Peter And The Acid King review
Being a musician, with a love of punk and all its myriad early 80s offshoots, New Wave is an almost inexhaustible source of great music. Now, back in the early 80s, MTV didn’t exist. I know, I know, MTV doesn’t really exist nowadays does it (not as a music channel anyway). But back then, the young music fan was really hard done by when it came to seeing their favourite bands on TV.
When New Wave Theatre first aired then, it was something of a shock to mainstream audiences. Its collection of chaotic bands, irreverent interviews and bizarre behaviour made it something of a sensation.
So what’s it about?
The host of the aforementioned New Wave Theatre, was one Peter Ivers. He was a musician, journalist and eccentric. It was his strange manner and offbeat interview techniques that gained him, and the show a cult following. Everything was in place to finally cement Peter Ivers as a true icon. Everything was perfect.
Until it wasn’t. Peter had had enough of the life he’d created and quit. Much to the surprise of his friends and fans. He had everything he wanted, so what went wrong?
Peter Ivers was someone who played by his own rules. If he decided he didn’t want to do something then that was that. This mentality had served him well throughout his life, when he was primarily working on his own, but now he had other people involved. People who relied on him for their income. People who would take the news of Peter’s decision very badly indeed.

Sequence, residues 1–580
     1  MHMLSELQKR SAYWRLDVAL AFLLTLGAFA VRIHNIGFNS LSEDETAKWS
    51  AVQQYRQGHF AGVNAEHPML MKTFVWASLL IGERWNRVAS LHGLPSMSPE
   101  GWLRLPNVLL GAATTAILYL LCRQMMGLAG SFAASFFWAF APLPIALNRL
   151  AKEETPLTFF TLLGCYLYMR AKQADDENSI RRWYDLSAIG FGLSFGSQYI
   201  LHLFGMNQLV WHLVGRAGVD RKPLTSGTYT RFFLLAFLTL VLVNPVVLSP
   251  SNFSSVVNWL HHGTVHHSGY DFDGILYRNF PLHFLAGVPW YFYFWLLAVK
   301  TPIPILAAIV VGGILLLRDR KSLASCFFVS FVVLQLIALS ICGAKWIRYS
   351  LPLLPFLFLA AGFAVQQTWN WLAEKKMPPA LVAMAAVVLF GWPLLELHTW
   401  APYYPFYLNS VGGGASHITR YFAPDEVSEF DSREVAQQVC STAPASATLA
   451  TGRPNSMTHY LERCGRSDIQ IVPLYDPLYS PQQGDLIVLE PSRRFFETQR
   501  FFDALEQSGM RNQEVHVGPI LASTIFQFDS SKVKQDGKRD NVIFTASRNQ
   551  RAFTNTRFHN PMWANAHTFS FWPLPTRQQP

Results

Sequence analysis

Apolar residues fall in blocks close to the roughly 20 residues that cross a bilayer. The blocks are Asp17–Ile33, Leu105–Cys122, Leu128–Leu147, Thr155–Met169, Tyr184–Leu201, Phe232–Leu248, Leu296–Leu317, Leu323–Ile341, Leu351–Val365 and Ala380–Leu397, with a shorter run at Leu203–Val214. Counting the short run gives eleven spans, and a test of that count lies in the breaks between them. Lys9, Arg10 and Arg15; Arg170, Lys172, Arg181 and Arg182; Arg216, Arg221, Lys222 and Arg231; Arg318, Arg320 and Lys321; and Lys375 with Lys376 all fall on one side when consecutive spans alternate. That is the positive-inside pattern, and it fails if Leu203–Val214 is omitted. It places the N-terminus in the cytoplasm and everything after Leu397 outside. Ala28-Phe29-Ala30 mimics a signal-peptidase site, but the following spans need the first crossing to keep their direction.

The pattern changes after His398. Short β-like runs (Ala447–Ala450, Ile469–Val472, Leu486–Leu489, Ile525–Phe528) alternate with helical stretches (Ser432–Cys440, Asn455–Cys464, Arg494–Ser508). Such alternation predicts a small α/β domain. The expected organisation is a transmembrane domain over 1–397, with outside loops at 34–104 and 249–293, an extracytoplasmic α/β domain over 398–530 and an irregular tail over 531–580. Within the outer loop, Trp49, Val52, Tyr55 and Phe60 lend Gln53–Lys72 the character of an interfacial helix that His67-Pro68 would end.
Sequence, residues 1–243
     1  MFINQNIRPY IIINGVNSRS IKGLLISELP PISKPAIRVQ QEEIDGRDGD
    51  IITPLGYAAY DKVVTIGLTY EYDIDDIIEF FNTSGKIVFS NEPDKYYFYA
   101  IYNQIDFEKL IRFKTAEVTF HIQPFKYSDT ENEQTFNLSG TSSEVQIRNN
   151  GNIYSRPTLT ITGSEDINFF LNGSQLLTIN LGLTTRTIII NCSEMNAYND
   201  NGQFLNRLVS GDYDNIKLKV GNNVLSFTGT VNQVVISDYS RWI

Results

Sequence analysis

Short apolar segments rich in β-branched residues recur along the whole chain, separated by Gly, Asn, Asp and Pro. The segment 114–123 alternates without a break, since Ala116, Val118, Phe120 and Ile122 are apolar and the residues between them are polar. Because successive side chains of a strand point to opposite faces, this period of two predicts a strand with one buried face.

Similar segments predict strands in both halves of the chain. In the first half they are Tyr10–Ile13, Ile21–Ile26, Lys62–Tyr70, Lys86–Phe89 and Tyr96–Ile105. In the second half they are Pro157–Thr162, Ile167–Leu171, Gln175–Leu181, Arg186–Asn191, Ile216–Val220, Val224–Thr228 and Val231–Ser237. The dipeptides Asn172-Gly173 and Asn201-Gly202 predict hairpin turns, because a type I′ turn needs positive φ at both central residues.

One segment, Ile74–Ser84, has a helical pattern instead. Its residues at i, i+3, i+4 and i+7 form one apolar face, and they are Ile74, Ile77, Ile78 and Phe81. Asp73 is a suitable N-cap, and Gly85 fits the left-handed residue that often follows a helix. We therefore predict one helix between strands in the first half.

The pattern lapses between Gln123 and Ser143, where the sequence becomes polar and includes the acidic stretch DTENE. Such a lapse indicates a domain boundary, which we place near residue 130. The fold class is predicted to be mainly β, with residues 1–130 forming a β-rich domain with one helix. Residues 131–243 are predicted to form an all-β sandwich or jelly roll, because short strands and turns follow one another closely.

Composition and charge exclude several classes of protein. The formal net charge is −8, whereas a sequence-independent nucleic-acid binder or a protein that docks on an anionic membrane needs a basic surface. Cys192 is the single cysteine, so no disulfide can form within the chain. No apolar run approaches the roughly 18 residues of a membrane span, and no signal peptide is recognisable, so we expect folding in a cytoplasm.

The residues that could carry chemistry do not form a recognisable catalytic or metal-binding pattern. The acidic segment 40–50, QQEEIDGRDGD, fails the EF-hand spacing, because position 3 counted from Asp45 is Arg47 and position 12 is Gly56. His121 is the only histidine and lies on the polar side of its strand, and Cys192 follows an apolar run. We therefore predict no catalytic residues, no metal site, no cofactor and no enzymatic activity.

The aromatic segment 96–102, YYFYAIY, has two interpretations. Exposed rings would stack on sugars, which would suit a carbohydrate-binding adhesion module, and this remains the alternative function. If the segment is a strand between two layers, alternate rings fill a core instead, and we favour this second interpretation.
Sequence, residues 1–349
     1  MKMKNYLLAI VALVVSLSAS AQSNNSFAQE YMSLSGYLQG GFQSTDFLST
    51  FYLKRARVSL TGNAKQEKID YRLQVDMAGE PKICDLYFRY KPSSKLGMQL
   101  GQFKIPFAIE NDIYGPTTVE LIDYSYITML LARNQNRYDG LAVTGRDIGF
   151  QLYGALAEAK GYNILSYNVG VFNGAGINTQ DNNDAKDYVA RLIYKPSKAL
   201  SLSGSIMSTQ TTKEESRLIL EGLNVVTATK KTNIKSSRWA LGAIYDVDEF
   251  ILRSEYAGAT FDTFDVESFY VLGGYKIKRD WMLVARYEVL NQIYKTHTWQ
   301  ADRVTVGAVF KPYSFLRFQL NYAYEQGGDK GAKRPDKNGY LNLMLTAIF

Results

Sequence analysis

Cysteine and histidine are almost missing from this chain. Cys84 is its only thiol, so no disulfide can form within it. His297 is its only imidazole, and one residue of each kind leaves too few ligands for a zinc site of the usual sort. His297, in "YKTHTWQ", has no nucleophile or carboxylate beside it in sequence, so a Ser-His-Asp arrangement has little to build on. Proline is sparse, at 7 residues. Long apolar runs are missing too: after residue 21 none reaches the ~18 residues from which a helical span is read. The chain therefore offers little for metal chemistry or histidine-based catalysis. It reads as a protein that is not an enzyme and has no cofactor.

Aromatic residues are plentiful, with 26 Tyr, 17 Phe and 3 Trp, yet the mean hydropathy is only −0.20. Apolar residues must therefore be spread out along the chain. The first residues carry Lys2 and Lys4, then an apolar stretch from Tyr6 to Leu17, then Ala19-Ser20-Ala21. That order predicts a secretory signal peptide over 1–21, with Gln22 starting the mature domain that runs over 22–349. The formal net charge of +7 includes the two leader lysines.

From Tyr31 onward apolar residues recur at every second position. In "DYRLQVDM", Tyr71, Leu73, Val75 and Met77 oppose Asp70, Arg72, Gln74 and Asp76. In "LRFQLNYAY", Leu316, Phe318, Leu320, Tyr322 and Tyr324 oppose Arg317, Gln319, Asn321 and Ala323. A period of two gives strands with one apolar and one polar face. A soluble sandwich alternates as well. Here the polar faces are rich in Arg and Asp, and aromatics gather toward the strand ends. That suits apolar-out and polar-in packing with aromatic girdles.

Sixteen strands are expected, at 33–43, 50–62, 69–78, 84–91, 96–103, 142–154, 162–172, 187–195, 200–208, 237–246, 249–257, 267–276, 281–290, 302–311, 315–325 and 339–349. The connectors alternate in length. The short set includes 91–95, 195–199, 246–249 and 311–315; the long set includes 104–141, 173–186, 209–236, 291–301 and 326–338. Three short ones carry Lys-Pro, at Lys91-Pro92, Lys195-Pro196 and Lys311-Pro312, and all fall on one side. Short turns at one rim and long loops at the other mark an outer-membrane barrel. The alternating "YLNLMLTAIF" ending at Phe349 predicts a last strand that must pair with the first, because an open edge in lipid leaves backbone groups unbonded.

Peter’s body was discovered in his apartment. He was wrapped in blankets and had been beaten to death. A murder inquiry was started, but no killer was ever identified.
Is it any good?
The story of Peter’s life and death is narrated here by Penelope Spheeris, a close friend of Peter’s and a stalwart of the LA punk scene for decades. Through the course of the series the story is told through interviews with friends and associates, both recent and from the time of the incident.
This is a thrilling true crime podcast, reminiscent of Lost Hills. There are plenty of moments that will have you shaking your head in disbelief, particularly as all the threads of Peter’s final days are woven together. There is a real sense of injustice, that the killer walked free. Especially as it was clear to everyone except the police who was really responsible.
Now for the downside. There are Sooooo many advert breaks. Sometimes I get spoiled with receiving advance episodes, with no breaks and so I sometimes forget that podcasts have to pay for production using ads. There is a trend now though (which I first noticed here) of having four ad breaks, with one right before the end credits. It catches me out every time.
That is really the only criticism I can level at this show though. It’s well worth the investment of your time, especially if you’re a true crime fan.
I would love to hear another podcast by Penelope Spheeris. Her genuine punk attitude has not diminished with age and she is a true breath of fresh air in the podcast world. It would be great to hear more of her stories of the late 70s, eary 80s punk scene. Possibly in a similar vein to Disgraceland by Jake Brennan. There are so many old venues, and diverse bands that there would be no end of anecdotes to be told.
You can get Peter And The Acid King here:
If you want to discover many more great podcasts, then I recommend GreatPods